Randy Page on K-12 Funding and Failing Public Schools

The Greenville News (July 9)

State needs a fairer method of funding education

In South Carolina, public spending on K-12 education is a messy jumble of overlapping allocations that fund numerous programs and initiatives. Money goes to categories, not to students. The different ways in which the government collects money (sales tax, property tax, transfers, income tax, grants and bonds) tend to drive how the money is spent, never the other way around. While the sources of revenue are designed to be diverse, the funding model for actually delivering dollars to the classroom ought to be simple.

…Rather than giving money to school districts via categories and programs, South Carolina should adopt one universal formula for all K-12 educational spending. A single weighted funding formula, specifically adjusted for the characteristics and situation of each child, offers built-in transparency and equity. It will free local educators to provide a more appropriate and responsive learning environment. This focused model of weighted per pupil allocation is commonly called “backpacking” or “smart funding.”…(more)

The Times and Democrat (July 22)

Allendale, Lee schools illustrate state failure

Public schools in Allendale and Lee counties may be the absolute worst schools in all of the United States. They are certainly the lowest performing in South Carolina, where the statewide average SAT scores and graduation rate linger at or around 50th each year in national rankings.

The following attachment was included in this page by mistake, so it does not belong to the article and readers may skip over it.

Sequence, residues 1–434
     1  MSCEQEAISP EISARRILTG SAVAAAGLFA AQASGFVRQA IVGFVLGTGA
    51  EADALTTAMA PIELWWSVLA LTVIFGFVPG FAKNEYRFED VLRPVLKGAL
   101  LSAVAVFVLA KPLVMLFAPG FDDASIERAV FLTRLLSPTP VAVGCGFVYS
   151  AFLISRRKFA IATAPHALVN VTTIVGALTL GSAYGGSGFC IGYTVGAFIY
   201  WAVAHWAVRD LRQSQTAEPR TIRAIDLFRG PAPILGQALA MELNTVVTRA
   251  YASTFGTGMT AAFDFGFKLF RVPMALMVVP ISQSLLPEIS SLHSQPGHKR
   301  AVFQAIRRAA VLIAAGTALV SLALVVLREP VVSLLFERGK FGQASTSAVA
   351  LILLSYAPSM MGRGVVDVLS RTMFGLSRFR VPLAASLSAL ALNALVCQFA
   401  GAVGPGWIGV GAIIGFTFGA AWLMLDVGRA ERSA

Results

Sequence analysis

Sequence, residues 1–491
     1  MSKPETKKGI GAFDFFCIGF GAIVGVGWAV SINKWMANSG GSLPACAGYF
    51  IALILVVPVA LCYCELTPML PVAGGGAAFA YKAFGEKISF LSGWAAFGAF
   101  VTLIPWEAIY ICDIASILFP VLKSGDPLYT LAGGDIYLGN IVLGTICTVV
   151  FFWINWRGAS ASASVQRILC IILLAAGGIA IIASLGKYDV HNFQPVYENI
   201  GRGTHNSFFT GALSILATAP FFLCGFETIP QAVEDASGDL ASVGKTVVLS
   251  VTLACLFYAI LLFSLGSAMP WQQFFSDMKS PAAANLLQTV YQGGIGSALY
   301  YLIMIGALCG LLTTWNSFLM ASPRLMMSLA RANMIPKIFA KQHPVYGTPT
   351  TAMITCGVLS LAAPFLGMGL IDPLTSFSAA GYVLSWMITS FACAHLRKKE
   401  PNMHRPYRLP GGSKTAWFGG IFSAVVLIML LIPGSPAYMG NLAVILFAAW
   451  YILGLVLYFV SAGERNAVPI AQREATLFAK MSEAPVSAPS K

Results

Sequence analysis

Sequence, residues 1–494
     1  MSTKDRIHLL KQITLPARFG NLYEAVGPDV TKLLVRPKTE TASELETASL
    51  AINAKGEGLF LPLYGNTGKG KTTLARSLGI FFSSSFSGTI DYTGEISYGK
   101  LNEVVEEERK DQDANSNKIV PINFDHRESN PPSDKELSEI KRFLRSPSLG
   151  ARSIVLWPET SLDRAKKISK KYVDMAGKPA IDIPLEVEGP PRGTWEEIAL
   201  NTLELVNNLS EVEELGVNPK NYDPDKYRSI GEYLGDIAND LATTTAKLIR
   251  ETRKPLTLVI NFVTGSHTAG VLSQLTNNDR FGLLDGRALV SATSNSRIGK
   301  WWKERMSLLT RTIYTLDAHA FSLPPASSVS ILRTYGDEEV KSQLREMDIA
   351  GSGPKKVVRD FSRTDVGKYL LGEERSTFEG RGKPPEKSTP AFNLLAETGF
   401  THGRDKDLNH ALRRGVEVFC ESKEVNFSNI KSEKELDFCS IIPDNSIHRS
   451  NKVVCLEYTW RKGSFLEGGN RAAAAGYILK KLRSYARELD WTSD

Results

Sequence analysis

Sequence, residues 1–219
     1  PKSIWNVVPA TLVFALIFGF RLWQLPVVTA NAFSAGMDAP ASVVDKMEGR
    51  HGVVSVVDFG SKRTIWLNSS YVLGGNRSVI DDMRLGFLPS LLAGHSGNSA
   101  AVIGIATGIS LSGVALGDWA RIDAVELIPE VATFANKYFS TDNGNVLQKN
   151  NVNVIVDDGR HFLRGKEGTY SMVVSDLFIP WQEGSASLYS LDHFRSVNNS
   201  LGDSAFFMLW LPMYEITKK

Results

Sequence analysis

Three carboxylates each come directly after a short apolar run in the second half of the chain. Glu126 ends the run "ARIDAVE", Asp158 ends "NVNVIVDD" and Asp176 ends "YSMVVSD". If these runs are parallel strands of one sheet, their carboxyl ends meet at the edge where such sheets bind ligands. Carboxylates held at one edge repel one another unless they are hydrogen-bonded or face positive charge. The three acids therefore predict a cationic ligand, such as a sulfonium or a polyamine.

Two of the most troubled are Fairfax Elementary in Allendale and Mount Pleasant Middle in Lee. According to state-issued school report cards, only 9 percent of Mount Pleasant Middle students are proficient in math and English. At Fairfax, it’s just 6 percent.

The State Department of Education refuses to take direct control of these failing schools. Such a move would not be unprecedented. From 1999 to 2007, the entire district of Allendale was managed by the state.

South Carolina’s State Superintendent Jim Rex isn’t helping much either.

Commenting on the move by the State Board of Education not to intervene he explained: “We decided to put [these schools] on a short leash but give them another chance.” Comparing failing schools to misbehaving dogs is neither insightful nor productive. In fact, it’s downright degrading…(more)

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